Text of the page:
WA tech make global moves

24/08/2021 - 10:30


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Perth-based tech operations have been busy targeting international expansion opportunities.

Martin Dougiamas started Moodle in the early 2000s. Photo: Madeleine Stephens

Several technology companies based in Perth have expanded their global reach in recent weeks.

ASX-listed cyber safety company Family Zone recently acquired its UK-based competitor, Smoothwall, for $142 million.

Moodle, meanwhile, an open-source learning management system, acquired three of its US partners, while Vix Technology rolled out its transit ticketing system to more cities.

Family Zone, which offers cloud-based parental control solutions, raised $146 million to fund the acquisition of Smoothwall in early August.

According to an ASX release at the time of the acquisition, Smoothwall, which develops and sells similar technology to Family Zone, generated about $30 million of annual recurring revenue and delivered unaudited underlying earnings of about $7 million for the financial year ending March 2021.

Smoothwall services 12,400 schools and 6 million students in the UK and the US.

Family Zone founder and managing director Tim Levy said the acquisition gave the company access to new clients and software capabilities that could be added to its existing products.

The purchase adds 113 staff to Family Zone’s 180 employees.

Family Zone has experienced strong growth since listing on the ASX in 2016.

It acquired New Zealand company Linewize in 2017, and in June of this year paid $23 million for US company Net Ref.

Family Zone has grown its US footprint to serve more than 5 per cent of school districts in the US and has a market capitalisation of about $500 million.

Mr Levy said Family Zone was a Perth business with global cyber safety problems to solve.

He said being based in Perth provided a good time zone to operate from and allowed him to arrange meetings between employees in in New Zealand, the UK, and US.

Finding employees in Perth could be difficult, however.

“One of the challenges we have in Perth is engineering talent gets soaked up by the resources industry and by government and they’re prepared to put big money into people to do things,” Mr Levy told Business News.

He said it was especially difficult to find people with experience building security and safety technology or selling it, although global connectivity was making it easier to find talent.

“You can compensate for that by working virtually now globally,” Mr Levy said.

He said Perth’s lifestyle was a major factor that kept him here.

“It’s just a fabulous place to live … so I’d rather not leave,” Mr Levy said.

Moodle has also recent­ly made strides to grow its business globally by acquiring three of its US partners.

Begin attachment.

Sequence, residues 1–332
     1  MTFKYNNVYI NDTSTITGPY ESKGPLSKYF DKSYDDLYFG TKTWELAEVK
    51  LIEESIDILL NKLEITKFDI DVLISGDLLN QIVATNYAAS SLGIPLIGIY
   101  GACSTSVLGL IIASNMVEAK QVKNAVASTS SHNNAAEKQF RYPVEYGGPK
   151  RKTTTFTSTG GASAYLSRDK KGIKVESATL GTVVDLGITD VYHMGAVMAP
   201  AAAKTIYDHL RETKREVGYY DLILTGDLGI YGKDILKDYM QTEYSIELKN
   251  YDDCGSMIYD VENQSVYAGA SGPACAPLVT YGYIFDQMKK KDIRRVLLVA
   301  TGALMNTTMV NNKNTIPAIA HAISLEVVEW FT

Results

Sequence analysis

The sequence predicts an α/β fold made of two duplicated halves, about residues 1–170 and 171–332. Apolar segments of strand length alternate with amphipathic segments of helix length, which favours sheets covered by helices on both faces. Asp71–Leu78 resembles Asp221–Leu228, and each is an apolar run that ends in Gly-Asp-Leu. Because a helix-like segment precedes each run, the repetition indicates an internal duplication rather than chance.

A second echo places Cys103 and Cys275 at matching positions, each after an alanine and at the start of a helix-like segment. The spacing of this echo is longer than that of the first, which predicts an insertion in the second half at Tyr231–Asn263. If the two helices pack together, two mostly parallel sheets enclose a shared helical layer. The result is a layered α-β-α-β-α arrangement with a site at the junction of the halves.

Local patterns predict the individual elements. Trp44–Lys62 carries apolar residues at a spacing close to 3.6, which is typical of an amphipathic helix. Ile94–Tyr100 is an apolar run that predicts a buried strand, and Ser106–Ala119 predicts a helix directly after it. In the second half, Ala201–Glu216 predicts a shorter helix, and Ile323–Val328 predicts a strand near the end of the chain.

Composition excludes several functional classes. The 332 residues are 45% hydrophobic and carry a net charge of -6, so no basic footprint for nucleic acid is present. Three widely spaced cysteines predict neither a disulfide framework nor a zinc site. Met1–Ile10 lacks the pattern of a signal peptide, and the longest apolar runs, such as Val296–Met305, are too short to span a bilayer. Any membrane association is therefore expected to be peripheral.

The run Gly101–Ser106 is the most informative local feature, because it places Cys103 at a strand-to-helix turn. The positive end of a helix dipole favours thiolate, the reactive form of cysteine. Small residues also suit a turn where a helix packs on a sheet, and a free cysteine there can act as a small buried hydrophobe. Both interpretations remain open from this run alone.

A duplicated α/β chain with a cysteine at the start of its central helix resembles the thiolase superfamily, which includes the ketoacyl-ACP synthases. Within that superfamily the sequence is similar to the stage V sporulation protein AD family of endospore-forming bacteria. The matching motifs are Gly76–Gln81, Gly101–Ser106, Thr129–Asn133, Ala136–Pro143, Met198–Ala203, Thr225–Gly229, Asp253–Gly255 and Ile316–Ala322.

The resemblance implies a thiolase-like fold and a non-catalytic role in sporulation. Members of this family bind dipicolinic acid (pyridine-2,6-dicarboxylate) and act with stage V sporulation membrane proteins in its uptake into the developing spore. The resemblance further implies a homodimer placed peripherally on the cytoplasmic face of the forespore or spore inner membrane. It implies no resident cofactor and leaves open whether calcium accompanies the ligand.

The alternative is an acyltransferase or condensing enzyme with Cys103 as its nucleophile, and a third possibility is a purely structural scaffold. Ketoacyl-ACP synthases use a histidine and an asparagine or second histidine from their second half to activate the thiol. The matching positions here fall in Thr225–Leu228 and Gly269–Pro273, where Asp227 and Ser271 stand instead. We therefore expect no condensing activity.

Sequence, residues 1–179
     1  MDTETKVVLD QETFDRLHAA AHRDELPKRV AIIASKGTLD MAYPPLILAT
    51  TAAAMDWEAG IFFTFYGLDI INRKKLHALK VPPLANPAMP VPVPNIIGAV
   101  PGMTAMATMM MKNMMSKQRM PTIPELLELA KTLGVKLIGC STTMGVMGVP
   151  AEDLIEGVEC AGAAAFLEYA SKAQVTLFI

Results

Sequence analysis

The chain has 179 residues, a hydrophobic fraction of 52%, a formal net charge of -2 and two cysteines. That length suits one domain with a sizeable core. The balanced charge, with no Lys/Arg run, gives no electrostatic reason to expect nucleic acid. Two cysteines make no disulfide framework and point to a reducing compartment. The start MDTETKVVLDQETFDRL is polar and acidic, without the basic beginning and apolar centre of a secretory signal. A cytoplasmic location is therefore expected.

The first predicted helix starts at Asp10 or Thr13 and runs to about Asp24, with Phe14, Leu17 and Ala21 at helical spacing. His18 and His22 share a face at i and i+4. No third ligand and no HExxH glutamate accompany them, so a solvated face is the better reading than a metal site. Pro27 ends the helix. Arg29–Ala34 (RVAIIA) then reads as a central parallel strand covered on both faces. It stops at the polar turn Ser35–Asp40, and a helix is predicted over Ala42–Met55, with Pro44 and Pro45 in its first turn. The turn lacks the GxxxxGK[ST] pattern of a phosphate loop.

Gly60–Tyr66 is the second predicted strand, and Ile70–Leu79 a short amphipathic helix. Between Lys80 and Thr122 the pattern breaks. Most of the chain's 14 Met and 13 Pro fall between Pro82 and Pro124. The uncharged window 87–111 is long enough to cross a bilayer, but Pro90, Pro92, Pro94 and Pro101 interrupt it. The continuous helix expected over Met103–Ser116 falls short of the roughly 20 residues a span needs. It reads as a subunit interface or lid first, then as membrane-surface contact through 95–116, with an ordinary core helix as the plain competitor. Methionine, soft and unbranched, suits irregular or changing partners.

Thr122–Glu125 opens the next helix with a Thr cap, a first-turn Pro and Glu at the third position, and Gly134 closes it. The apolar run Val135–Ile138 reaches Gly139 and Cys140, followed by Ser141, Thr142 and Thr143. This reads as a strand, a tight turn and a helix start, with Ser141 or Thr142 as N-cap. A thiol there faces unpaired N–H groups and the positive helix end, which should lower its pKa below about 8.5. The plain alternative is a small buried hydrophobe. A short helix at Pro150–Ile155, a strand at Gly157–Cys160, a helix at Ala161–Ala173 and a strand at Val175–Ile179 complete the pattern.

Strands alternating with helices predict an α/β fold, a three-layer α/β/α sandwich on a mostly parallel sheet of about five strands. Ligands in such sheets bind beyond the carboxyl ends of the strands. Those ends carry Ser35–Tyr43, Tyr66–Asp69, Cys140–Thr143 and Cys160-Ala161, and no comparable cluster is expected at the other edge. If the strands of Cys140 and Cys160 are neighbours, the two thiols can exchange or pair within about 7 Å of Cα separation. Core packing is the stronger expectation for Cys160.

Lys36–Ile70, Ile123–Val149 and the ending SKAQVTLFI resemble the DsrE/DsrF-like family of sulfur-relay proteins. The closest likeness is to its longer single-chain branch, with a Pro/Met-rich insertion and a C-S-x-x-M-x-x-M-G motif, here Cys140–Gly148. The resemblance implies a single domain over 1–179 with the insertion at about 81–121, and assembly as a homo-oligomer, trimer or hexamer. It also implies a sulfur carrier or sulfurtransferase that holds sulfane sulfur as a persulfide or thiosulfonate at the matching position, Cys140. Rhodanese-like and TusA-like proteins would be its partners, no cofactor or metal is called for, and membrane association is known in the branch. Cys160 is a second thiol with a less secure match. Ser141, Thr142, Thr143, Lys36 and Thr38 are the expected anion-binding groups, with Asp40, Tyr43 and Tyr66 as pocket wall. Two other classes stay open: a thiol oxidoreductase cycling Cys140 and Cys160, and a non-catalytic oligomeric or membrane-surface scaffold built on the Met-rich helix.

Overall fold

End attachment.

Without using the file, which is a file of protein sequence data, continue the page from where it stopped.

The company, which started open-source learning management systems used by institutions and companies including Cisco, Cambridge University and Shell, and has 300 million registered users, did not expand internationally in the conventional way.

After university staffer Martin Dougiamas started developing Moodle in the early 2000s (for free), he was overrun by enquiries for sup­port and decided he needed to turn it into a sustainable business.

He created a model where businesses could register as Moodle partners to help clients sell and configure the software. Partners pay Moodle 10 per cent as a licensing fee to use trade­marked marketing materials.

“I decided to outsource the clients to other people so I could focus on the core development and that’s how the partners got going,” Dr Dougiamas told Business News.

“That’s why we have so many partners around the world doing the services.

“It [business] wasn’t my background, I’m a computer scientist engineer and I think I am best at solving those kinds of problems.”

Two decades on, Dr Dou­giamas said it was the right decision because the part­nership model allowed about 100 partners to target larger overseas markets.

However, Moodle has altered the partnership model slightly after the acquisition of My Learning Consultants, Moonami Learning Solutions, and Elearning Experts for an undisclosed sum in early Au­gust to create Moodle US.

The move adds 45 staff to Moodle’s 88 employees in Perth, Spain and the US.

Given Moodle’s interna­tional reach and network of 10,000 contributors who help develop the company’s open-source platform, Dr Dougia­mas said he saw Moodle as a global company, rather than one from Perth.

“It is expensive and every time I hire someone here, I think we could have hired three people for that some­where else,” he said.

Finding the right skills could also be difficult, Dr Dougia­mas said.

“The number of people doing that [software develop­ment] compared to Barcelona or Silicon Valley or some­where else is a lot less, it’s a much smaller pool. So, you end up doing more hunting and training and that all costs time and money as well,” he said.

Another local business growing its international foot­print is Vix Technology.

Perth is home to one of the company’s three global head­quarters (the others being Cambridge in England and Seattle in the US). It also has 14 other offices worldwide.

Vix Technology has devel­oped transit ticketing systems currently used in 200 cities around the world.

More cities are using Vix Technology’s system after it has rolled out in Phoenix in the US and Edmonton in Canada.

It was recently recognised for its work and named as company of the year at the 2021 Incite Awards in Perth.



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